This stew or hotpot has a much more interesting flavor than traditional stew. It has more umami (savoury, rich, yum) due to the mix or layers of flavor provided by the squash, shiitake mushrooms, parsnips, soy sauce, and white wine (optional).
- 1 large parsnip
- 1 large onion
- 2 celery sticks
- 3 small carrots
- 1 cup chopped shiitake mushrooms
- 3 large portabello mushrooms, chopped
- 1 cup of chopped green beans (fresh or frozen)
- 1 can (15 oz) organic diced tomatoes (reduce if desired or sub with tomato paste)
- Organic vegetable bouillon
- Organic extra-virgin olive oil
- Onion powder, garlic powder, dried oregano, dried cilantro or parsley, sea or Himalayan salt, 3 bay leaves
- Optional: 1/4 cup white wine, 1 tbsp. soy/tamari, 1 tbsp. tomato paste
1. Peel and dice:
Half an acorn squash
1 large parsnip
1 large onion
3 small carrots
2 celery sticks
1 cup Chopped shiitake mushrooms
*Note: The secret to a good stew is to chop everything to roughly the same size. I dice mine small – about 1/4″ square. This is also good for digestion as most people don’t chew enough before swallowing 😉
2. Pan fry all these together in large, deep pan with about 1/4 cup organic extra-virgin olive oil until onions are soft. Squash and parnsips will not be cooked, that’s okay. Just pan fry until onions are soft.
3. Now chop up the 3 portabello mushrooms, add to your frying pan of veggies, and sprinkle these seasonings on the portabellos:
1 tbsp. Soy or Tamari, onion powder, garlic powder, dried oregano, dried cilantro or parsley, sea or Himalayan salt*.
*Listen to your body intuition and add as much or as little of these herbs as your body wants. If you’re not sure, you can always add more later, it’s all good! Trust your body, start sprinkling and stop when you feel, “enough”.
4. Mix together well and sear the portabello mushrooms. Then transfer the entire mixture to an extra large sauce pan (about 10 liters – needs to fit about 11 cups of stew) or stock pot and add 3 bay leaves (if you don’t have any Bay leaf it’s okay, it still tastes great without it).
5. Then add 6 cups filtered or spring water, the can of diced tomatoes (OR substitute the canned tomatoes for 1 tbsp. tomato paste + 1 cup water, if you prefer), and whichever vegetable bouillon you prefer: Use 2-3 squares of pressed bouillon, or 1/4 cup of paste, or 2-3 tbsp of powdered bouillon*
*Note: your bouillon plays a huge role in how good your stew will be. Test out different brands until you find the best one. Also, bouillon involves roasting/boiling down vegetables so you’re going to get a concentration of any toxins/pesticides present. So be sure and use certified organic bouillon only.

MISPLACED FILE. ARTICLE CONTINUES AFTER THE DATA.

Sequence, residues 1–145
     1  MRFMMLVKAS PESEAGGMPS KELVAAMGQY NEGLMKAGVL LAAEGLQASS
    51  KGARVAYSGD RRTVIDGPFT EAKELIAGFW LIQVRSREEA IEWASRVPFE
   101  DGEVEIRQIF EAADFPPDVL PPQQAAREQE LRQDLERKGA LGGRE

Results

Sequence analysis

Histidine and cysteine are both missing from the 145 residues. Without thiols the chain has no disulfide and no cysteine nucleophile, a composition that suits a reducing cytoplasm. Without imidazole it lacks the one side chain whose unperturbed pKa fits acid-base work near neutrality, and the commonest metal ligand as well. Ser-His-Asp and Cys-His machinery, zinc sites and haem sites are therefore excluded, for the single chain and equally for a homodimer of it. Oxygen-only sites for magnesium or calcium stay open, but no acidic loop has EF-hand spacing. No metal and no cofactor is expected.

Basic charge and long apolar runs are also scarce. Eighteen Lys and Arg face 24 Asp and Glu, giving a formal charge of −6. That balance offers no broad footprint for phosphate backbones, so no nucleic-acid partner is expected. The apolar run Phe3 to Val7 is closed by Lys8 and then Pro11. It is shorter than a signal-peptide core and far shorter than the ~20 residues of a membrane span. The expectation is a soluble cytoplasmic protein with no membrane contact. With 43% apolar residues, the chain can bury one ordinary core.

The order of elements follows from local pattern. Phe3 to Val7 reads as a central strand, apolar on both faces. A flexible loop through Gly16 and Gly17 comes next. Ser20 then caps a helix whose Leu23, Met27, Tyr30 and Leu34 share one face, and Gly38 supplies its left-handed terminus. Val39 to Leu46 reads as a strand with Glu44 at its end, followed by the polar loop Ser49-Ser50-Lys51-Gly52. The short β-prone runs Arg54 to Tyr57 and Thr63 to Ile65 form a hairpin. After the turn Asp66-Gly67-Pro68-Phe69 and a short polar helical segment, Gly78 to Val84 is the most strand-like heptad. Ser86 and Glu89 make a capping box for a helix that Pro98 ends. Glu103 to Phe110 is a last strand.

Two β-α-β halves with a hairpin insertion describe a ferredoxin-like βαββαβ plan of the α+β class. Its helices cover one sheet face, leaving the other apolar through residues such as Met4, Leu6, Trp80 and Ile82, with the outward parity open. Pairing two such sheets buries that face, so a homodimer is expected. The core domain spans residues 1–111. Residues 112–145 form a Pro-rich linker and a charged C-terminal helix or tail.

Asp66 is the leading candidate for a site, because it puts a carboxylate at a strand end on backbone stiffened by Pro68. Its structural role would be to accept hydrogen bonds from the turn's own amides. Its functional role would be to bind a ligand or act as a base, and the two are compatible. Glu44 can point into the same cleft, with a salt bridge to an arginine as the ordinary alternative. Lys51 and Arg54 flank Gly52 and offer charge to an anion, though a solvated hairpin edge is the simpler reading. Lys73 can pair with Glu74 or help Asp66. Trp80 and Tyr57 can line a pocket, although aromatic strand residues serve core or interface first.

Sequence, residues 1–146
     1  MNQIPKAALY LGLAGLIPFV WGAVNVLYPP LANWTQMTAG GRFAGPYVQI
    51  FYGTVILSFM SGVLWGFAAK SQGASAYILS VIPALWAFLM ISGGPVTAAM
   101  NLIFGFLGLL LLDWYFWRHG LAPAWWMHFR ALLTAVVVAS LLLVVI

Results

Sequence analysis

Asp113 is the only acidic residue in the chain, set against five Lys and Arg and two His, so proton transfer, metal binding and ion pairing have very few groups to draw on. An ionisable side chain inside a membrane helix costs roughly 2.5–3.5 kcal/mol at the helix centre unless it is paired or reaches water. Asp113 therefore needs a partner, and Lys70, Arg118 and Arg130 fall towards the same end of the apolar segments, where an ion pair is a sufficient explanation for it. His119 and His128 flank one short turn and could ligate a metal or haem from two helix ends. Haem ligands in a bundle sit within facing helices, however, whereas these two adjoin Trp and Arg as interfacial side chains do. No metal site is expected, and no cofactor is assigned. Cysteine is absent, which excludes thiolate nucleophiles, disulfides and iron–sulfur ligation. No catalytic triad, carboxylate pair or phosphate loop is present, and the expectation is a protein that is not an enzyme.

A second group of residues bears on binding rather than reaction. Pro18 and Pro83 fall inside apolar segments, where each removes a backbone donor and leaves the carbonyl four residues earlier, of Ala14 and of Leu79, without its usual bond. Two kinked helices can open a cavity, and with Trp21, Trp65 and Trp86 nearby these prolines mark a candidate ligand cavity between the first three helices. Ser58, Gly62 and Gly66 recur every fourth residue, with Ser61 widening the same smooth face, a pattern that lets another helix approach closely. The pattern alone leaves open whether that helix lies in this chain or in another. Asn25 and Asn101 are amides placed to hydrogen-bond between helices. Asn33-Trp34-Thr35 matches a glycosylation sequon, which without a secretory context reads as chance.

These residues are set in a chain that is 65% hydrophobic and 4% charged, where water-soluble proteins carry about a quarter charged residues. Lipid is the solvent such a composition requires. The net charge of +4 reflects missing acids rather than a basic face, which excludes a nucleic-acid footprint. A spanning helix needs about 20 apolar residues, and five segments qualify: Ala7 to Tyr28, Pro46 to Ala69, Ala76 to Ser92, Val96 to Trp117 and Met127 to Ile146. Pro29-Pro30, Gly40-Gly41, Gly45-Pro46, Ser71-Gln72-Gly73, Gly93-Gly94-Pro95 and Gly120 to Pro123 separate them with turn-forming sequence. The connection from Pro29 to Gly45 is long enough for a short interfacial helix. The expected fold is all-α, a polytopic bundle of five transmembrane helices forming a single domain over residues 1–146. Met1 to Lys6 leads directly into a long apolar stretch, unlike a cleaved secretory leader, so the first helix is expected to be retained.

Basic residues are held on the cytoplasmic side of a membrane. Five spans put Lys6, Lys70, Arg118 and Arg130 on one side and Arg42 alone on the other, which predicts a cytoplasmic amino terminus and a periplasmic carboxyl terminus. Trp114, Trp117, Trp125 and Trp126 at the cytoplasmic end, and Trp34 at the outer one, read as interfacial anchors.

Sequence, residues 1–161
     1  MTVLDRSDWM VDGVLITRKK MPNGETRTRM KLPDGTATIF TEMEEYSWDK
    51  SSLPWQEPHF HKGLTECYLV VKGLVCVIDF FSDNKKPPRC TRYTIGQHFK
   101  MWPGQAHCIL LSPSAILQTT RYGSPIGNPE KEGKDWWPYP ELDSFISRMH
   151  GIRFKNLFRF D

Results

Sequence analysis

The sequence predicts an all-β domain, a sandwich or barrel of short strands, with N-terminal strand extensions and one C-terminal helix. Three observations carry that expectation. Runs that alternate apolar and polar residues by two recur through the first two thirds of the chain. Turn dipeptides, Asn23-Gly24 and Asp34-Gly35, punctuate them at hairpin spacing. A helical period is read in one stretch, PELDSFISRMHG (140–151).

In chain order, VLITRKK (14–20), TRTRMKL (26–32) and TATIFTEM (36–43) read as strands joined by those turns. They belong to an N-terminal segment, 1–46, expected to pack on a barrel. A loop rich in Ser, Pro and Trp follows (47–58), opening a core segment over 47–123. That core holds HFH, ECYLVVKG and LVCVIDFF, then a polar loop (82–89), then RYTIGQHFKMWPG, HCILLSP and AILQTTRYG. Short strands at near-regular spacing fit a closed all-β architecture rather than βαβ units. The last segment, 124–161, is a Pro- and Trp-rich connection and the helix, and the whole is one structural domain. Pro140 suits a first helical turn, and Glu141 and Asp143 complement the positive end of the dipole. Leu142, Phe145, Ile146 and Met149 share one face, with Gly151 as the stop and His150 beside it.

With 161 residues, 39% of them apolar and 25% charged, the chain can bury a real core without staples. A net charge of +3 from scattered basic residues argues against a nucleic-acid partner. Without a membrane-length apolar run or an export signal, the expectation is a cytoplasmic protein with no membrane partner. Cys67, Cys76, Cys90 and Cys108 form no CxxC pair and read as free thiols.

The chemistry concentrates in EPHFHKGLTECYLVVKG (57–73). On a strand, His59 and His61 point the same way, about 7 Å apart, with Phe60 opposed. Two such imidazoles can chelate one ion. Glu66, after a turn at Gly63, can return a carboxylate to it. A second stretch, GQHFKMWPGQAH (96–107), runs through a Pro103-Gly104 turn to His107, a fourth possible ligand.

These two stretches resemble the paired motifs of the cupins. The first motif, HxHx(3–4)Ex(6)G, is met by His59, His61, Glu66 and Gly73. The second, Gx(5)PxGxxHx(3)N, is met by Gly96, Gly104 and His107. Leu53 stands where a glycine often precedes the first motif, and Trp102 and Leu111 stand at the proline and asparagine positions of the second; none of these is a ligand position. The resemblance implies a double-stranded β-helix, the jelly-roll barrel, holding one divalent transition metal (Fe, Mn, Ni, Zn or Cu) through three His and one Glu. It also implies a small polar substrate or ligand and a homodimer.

6. Bring stew to a boil in the large sauce pan, add 1/4 cup white wine (optional but will increase flavor and alcohol will burn off) and simmer for about one hour. Keep adding more water as the liquid boils off and reduces, and according to how thick/thin you like your gravy. If you like your gravy really thick, you can always thicken with rice, tapioca or corn starch.
7. Add 1 cup of chopped green beans (fresh or frozen) half an hour before you plan to eat the stew.
Feel free to switch out, or add more veggies to this recipe, as you like. For example, you can sub the acorn squash for butternut, if you prefer.
You can also add: Peas, potatoes, sweet potatoes, black beans, or pinto beans, corn, swiss chard, cauliflower, broccoli, snow peas, bok choy, savoy cabbage, etc. The variations are endless! In fact, you could make this same stew every week, just changing the veggies and have it taste different (but yummy) every time.
Portabello mushrooms are a great source of protein, B vitamins, copper, selenium and anti-cancer agents. 1 Cup of Portabello Mushroom contains:
5.2 grams protein
7.2 milligrams niacin – Vit B3 (36 percent DV)
0.6 milligram riboflavin – Vit B2 (34 percent DV)
21.4 micrograms selenium (31 percent DV)
0.6 milligram copper (30 percent DV)
1.9 milligrams pantothenic acid (19 percent DV)
182 milligrams phosphorus (18 percent DV)
630 milligrams potassium (18 percent DV)
0.1 milligram thiamine (7 percent DV)
23 micrograms folate (6 percent DV)
0.9 milligrams zinc (6 percent DV)
18.1 milligrams magnesium (5 percent DV)
0.1 milligram manganese (5 percent DV)
0.1 milligram vitamin B6 (4 percent DV)
0.7 milligram iron (4 percent DV)
*If you also eat meat, click here for the beef version of this stew.